Stanford University computer science professor Dan Boneh has been named as the recipient of the 2014 ACM-Infosys Foundation Award in Computing Sciences for his work in cryptography.
The Association for Computing Machinery/Infosys Foundation award, which includes a $175,000 prize, recognizes relatively recent contributions by young scientists and systems developers. Boneh, who leads the applied cryptography group at Stanford, was born in 1969 in Israel.
The award citation formally acknowledges Boneh "For ground-breaking contributions to the development of pairing-based cryptography and its application in identity-based encryption."
Pairing-based cryptography has flourished over the past decade, making security mechanisms easier to use and roll out.
ACM President Alexander L. Wolf said in a statement, “Boneh’s work on pairing functions and their application to identity-based encryption has revolutionized cryptography. He has added greatly to our understanding of important problems underlying modern cryptography systems. Boneh has produced new directions and given the field a fresh start.”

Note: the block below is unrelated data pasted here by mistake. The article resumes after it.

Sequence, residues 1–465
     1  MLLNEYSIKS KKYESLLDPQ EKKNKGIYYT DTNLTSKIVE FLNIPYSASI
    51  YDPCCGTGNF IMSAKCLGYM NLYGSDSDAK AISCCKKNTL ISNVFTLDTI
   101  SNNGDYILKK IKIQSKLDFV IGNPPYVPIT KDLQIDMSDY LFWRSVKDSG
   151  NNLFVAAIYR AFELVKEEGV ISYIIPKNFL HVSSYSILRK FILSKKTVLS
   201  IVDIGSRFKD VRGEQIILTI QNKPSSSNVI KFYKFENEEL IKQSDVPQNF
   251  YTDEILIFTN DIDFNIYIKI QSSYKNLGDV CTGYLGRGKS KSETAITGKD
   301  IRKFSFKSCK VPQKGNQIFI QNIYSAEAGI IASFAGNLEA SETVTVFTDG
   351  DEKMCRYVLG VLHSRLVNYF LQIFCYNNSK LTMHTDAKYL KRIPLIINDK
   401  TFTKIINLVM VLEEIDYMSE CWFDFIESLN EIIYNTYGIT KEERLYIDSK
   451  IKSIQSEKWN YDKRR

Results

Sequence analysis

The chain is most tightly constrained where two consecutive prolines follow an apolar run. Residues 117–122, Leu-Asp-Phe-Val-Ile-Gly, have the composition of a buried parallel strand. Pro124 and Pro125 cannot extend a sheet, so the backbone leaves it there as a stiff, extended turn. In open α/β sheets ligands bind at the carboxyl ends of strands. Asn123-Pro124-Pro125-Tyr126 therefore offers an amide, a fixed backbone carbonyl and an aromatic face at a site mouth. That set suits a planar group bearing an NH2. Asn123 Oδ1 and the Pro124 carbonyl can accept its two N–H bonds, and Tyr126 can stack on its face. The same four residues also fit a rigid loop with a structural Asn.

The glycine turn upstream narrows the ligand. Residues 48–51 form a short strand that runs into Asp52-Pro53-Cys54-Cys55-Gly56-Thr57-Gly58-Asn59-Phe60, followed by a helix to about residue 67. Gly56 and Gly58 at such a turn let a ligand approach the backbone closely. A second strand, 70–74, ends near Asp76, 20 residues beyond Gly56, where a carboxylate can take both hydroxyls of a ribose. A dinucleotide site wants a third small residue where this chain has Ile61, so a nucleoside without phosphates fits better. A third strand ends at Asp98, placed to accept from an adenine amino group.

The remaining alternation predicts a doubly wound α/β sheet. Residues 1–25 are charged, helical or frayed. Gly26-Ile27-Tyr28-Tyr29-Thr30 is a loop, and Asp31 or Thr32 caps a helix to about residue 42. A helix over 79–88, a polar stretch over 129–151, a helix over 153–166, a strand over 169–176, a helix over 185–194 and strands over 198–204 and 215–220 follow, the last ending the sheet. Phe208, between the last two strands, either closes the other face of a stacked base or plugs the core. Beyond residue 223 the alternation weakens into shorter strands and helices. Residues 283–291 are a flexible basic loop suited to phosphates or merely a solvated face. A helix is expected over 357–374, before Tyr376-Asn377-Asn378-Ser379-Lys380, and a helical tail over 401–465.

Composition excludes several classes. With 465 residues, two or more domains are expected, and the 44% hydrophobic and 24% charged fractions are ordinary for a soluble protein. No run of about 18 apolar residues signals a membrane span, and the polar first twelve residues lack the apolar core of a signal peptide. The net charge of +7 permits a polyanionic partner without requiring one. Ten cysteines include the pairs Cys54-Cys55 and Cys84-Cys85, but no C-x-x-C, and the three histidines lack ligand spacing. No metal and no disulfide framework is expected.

Boneh's work has been formalized in such industry standards as IEEE P1363.3 and several IETF RFCs. The holder of nine patents, Boneh also co-founded Voltage Security to commercialize identity-based encryption. HP bought Voltage earlier this year for an undisclosed amount.
You can see and hear Boneh discuss computer security in the Stanford video below. And if you're really interested in his take on things, you can sign up for his online Coursera courses this year on computer security and cryptography.
This story, "Stanford crypto expert Dan Boneh wins $175K computer science award" was originally published by Network World.